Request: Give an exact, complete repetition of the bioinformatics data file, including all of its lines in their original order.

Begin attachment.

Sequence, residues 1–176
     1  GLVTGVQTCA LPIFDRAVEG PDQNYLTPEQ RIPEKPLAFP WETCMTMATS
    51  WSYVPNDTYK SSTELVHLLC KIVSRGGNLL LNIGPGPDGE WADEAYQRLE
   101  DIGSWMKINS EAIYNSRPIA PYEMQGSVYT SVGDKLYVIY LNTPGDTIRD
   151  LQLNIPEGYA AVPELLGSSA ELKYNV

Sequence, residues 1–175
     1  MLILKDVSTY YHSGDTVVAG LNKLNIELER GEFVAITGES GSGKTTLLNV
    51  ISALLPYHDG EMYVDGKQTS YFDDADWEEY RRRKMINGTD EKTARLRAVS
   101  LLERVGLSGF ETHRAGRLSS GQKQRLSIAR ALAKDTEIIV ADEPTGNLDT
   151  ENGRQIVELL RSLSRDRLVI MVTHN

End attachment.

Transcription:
Sequence, residues 1–176
     1  GLVTGVQTCA LPIFDRAVEG PDQNYLTPEQ RIPEKPLAFP WETCMTMATS
    51  WSYVPNDTYK SSTELVHLLC KIVSRGGNLL LNIGPGPDGE WADEAYQRLE
   101  DIGSWMKINS EAIYNSRPIA PYEMQGSVYT SVGDKLYVIY LNTPGDTIRD
   151  LQLNIPEGYA AVPELLGSSA ELKYNV

Sequence, residues 1–175
     1  MLILKDVSTY YHSGDTVVAG LNKLNIELER GEFVAITGES GSGKTTLLNV
    51  ISALLPYHDG EMYVDGKQTS YFDDADWEEY RRRKMINGTD EKTARLRAVS
   101  LLERVGLSGF ETHRAGRLSS GQKQRLSIAR ALAKDTEIIV ADEPTGNLDT
   151  ENGRQIVELL RSLSRDRLVI MVTHN